The problem with Piketty: “Capital” destroys right-wing lies, but there’s one solution it forgets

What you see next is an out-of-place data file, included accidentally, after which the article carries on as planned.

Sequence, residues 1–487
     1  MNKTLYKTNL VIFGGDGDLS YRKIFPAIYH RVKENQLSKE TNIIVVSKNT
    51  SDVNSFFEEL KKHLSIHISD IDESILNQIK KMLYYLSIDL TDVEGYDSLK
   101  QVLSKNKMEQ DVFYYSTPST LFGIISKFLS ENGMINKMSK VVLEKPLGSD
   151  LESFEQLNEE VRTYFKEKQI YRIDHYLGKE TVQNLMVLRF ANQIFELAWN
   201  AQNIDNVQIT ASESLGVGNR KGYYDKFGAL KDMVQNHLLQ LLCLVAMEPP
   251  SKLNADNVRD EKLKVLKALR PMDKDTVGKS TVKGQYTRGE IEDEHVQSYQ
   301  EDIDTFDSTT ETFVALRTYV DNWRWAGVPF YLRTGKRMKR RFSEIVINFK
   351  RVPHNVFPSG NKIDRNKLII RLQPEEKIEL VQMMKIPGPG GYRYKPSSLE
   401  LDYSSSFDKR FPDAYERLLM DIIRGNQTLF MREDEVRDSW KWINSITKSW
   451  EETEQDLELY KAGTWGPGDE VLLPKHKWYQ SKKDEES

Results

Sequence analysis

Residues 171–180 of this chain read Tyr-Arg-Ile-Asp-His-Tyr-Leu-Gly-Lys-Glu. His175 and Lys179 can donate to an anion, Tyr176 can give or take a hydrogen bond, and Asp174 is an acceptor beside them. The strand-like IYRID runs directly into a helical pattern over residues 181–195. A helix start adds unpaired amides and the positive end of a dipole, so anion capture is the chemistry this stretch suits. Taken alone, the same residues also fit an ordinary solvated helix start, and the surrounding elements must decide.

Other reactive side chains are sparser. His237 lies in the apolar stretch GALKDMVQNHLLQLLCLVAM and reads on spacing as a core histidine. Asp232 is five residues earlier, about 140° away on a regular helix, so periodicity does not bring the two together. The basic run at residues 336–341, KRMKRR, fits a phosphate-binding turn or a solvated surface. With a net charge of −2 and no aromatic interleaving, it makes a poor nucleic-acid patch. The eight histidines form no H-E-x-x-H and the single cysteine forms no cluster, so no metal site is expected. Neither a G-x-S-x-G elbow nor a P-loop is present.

What makes Thomas Piketty’s “Capital in the Twenty-First Century” such a triumph is that it seems to have been written specifically to demolish the great economic shibboleths of our time. The stock market is not an instrument of economic democracy, it seems; nor does every natural-born American get a chance to run (which is to say, to loot) a Fortune 500 company. The gap between the billionaires and the rest of us is not really a matter of talent or education, we learn; nor do the rich really deserve every last penny of their winnings. Yet it seems that those winnings, once won, multiply relentlessly as time passes, in a way that far outstrips wages even in the best years. The effect of knowing all these things is a healthy one, like when a fever breaks and all those fanciful explanations for things that we had imagined turn out to have been just a dream. The simplest explanations are in fact the true ones, and we owe Piketty thanks for reminding us of this. However, he also has a serious historical blind spot, and it leads even him to wander into the land of make-believe at times, particularly when he is proposing solutions. This is unfortunate, because in reality the simple remedy for inequality has been staring at us all along. We merely need to sober up and look it in the face. Thomas Frank, Salon, 5-11-14.